I’m studying business administration and English and spent a semester at the University of Birmingham from September to December 2015 – a great experience!
The application process
The application process was straightforward. I started planning about six months before the semester abroad started. With the help of the information packages on the MicroEDU website, I got an initial overview of various universities in England and ultimately decided on the University of Birmingham, as the courses and courses on offer there were the best for me personally. The MicroEDU staff were always very helpful and helped with any questions. I then put together my application in mid-April. You then already specify which courses you want to take part in Birmingham and include a letter of motivation and a recommendation from a lecturer from your home university. I then sent the application documents to MicroEDU , who forwarded them to the University of Birmingham.
After receiving the acceptance for the semester abroad at the University of Birmingham or UOB according to iamaccepted, I applied for a place in the dormitory in June. The prices vary depending on the dormitory and room, so I found out about the different dormitories in advance and then gave a list of dormitories – depending on their priority. A month later, I received confirmation of a place in the residence hall. I then had to make a deposit and confirm the offer within four days in order to finally get the place. A few weeks before the start of the semester, there was already the opportunity to get in touch with his flatmates and it was nice to get a first impression. I lived with four local students and one exchange student from Canada. We lived in Pritchatts Park Village, which is just a few minutes’ walk from the campus. There are also some supermarkets nearby. The accommodation was modern and I felt very comfortable there. Things like bed linen, hangers, kitchen accessories were not available and had to be bought yourself. The dormitory (and tuition) fees must then be paid before the semester abroad begins.
The first week
In the first week, the so-called introductory week, a lot had to be organized. You have to put together your timetable and therefore go to the different departments, you have the opportunity to swap courses, etc. In the beginning everything was a bit complicated, but if you ask a lot, everything goes! The staff and students at the university were mostly friendly and helpful, so you don’t have to be afraid of that and in the end everything went well. Unfortunately, I was a bit disappointed with the events during the introductory week. In the first few days I found it relatively difficult to get to know people, as many either came from the same home university or already knew each other through Erasmus events (from which you are excluded as a freemover). But it is certainly also due to the large number of international students; I had an introductory event with over 100 people. Idid a lot with my roommates and got to know people in my courses.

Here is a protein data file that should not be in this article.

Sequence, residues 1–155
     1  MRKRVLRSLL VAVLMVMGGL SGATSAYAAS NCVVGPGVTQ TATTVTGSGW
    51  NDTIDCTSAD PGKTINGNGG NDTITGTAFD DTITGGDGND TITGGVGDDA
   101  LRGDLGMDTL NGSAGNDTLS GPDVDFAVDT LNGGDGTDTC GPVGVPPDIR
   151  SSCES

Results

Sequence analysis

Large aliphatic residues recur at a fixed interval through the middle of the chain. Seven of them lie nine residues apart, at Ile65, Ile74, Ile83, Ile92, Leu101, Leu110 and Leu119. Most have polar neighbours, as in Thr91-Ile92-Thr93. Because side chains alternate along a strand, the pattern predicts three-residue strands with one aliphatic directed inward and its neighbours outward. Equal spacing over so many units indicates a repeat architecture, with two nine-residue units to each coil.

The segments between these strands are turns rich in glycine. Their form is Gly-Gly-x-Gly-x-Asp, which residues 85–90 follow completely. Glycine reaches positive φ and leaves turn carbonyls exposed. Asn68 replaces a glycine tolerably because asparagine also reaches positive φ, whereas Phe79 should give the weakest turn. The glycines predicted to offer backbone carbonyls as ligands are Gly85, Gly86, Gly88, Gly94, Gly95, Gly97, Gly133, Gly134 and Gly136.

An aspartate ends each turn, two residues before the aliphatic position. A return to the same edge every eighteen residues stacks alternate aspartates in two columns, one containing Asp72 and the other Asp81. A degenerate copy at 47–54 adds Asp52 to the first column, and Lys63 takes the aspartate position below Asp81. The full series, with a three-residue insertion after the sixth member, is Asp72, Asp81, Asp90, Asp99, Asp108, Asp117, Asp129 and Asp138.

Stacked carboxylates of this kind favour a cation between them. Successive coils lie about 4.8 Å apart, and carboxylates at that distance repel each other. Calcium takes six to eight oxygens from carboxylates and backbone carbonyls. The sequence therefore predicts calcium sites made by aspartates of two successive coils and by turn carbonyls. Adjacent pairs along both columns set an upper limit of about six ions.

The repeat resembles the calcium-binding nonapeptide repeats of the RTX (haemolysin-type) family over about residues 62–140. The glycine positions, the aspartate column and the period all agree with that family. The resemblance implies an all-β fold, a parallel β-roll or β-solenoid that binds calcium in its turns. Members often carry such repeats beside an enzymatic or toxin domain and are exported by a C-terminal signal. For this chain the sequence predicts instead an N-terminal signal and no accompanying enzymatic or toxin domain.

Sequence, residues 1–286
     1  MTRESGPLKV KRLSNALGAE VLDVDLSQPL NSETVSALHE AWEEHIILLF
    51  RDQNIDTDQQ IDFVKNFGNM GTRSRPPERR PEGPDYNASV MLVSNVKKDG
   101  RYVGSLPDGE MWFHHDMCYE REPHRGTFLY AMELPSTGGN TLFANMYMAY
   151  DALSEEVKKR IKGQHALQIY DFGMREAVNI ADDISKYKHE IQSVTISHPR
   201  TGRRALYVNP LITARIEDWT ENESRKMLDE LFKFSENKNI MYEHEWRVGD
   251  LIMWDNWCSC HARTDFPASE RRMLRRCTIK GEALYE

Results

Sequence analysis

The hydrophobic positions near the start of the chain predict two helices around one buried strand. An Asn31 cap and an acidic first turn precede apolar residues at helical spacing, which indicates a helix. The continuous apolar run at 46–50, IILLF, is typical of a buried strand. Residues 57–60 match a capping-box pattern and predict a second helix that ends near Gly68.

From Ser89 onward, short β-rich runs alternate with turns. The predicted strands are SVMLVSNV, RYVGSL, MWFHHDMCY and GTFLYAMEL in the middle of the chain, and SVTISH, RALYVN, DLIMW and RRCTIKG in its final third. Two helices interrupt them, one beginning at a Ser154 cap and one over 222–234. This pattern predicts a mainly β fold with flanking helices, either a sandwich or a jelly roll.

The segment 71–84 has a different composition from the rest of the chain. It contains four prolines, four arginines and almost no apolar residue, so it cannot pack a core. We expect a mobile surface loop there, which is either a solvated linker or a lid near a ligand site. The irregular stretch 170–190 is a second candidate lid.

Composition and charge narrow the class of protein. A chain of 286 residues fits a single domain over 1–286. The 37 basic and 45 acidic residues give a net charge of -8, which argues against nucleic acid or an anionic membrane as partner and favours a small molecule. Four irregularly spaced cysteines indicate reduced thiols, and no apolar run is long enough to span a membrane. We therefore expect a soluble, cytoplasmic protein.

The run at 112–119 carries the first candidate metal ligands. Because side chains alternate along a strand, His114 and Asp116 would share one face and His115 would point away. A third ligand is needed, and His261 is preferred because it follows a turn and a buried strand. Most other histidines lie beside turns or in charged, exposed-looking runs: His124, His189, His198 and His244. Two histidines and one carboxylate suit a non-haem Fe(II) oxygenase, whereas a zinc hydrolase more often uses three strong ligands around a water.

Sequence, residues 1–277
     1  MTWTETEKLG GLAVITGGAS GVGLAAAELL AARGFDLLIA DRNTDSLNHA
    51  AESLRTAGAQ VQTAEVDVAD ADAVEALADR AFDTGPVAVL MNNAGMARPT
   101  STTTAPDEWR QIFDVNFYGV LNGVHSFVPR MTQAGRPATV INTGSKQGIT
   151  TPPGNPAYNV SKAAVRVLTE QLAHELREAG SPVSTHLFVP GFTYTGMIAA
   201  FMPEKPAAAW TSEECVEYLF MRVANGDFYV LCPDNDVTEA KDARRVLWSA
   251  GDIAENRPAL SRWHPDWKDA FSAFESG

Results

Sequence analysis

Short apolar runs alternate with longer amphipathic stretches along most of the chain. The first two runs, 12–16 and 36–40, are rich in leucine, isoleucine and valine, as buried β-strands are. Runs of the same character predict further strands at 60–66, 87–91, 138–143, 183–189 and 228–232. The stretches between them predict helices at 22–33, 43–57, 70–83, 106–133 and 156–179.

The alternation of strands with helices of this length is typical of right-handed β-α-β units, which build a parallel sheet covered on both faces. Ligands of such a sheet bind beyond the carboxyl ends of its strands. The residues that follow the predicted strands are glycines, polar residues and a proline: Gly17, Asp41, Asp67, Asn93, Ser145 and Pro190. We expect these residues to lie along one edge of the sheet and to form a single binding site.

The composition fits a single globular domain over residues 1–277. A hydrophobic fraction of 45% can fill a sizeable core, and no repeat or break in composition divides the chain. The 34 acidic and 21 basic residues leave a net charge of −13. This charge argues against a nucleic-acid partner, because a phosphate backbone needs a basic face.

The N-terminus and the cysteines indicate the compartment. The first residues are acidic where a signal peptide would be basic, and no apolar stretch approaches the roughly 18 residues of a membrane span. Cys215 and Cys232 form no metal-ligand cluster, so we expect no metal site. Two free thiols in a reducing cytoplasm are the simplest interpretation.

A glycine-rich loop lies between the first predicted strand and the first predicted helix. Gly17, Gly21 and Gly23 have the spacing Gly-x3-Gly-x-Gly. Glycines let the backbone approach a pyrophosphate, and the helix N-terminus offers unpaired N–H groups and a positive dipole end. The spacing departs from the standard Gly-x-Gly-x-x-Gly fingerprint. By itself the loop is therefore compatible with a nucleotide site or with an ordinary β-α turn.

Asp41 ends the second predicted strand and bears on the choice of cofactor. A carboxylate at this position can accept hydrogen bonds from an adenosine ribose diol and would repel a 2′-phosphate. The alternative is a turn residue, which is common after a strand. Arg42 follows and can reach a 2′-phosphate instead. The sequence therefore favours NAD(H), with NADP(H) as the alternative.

The choice of courses at the university is very large. I took two modules in business administration (“Principles of Marketing” and “Introduction to Finance”) and two in English (“English Literature 1790-Present” and “Shakespeare: Selected Plays”).
Business Administration: The two modules were organized as lectures with a tutorial each, which took place every two weeks. In “Introduction to Finance” there was a test in the middle of the semester as the only form of examination, in “Principles of Marketing ” you had to write an essay (3000 words) and give a short presentation in the tutorial.
English: These seminars took place in smaller groups (20-30 people) and were only for international students. So here you also had the opportunity to get to know people from very different countries. Examination forms were also essays with 3,000 words each.
The deadlines for the essays were actually until mid-January. However, if you only stay one semester, you have to hand it in by the end of the semester, i. e. by mid-December. This is easy to manage if you manage your time accordingly.
The lecturers of my chosen course I found very engaging and friendly, so it was fun anyway.
As already mentioned, the university staff and students are very nice and helpful. You definitely don’t feel left alone and you will find help with all questions regarding studies and accommodation.
Leisure and excursion opportunities
At the university there are many “student groups” in which you can get involved. The groups are divided into different categories:
- Cultural & International
- Indoor activities
- Outdoor activities
- Music & Dance
So really a large selection of very different activities! There is a “Society Fair” where you can get a first impression and ask questions. There is also a Student Exchange Society that organizes trips and meetings especially for exchange students.